In today's society we don't hear much about stalking horses any more, but when it's used, most wouldn't know the meaning or the origin. Now when someone is called a stalking horse, it's a negative connotation. A stalking horse is someone who was used by another in order to get something bigger or greater. For example, if someone pretends to be friends with one person, because they really want to get to know a friend or relative of theirs better.
In the Sweet Americana time period, a stalking horse was used as a moveable blind to get closer to game -- ducks or deer, for example. Most wildlife didn't find the shape of a horse to be threatening on its own, not like the threat of the shape and shadow of a man. So using their horse, a hunter could get closer to their true goal.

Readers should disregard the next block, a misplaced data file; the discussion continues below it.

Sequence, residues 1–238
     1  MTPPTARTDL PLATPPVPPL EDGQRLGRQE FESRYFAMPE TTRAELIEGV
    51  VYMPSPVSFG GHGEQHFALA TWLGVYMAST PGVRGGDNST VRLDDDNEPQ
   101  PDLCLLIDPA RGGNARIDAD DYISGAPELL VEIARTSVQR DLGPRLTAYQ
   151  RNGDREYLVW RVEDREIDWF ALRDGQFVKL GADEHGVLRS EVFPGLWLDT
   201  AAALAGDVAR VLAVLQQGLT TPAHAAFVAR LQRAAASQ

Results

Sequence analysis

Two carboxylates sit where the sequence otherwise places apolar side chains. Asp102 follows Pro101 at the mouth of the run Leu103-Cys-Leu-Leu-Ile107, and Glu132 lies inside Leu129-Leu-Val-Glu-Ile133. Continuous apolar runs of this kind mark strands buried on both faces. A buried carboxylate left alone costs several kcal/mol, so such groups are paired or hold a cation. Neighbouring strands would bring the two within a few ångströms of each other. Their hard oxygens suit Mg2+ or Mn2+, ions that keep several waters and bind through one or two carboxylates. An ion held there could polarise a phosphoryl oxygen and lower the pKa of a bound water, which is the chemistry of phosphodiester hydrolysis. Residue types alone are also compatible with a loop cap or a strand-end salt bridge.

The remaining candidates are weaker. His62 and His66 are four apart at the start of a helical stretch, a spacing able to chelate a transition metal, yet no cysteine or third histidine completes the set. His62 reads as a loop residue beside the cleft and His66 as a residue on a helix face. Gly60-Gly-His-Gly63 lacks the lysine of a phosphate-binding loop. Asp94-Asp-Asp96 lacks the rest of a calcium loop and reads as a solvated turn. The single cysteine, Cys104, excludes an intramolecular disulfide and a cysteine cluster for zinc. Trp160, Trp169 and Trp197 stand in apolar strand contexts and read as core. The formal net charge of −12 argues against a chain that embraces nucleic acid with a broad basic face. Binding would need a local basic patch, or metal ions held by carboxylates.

The most famous stalking horse was used centuries before:
After ten years of trying to infiltrate the city of Troy on their own, the Greeks came up with the plan of using a horse shaped statue as a peace gift, when really they were concealing themselves inside.
It seems that the horse is considered one of man's most useful and innocuous companions, no one thinks of them as being menacing or conniving. Instead they were easily used as a means from getting from one place to another, for working with farmers in their fields, for companionship, and even for hunting or treachery. Maybe we should learn from this to think about peoples intentions before allowing them to get too close. Sometimes it is better to look the gift horse in the mouth.
On average, P. Creeden releases 2-3 stories each month. Interested in learning more?
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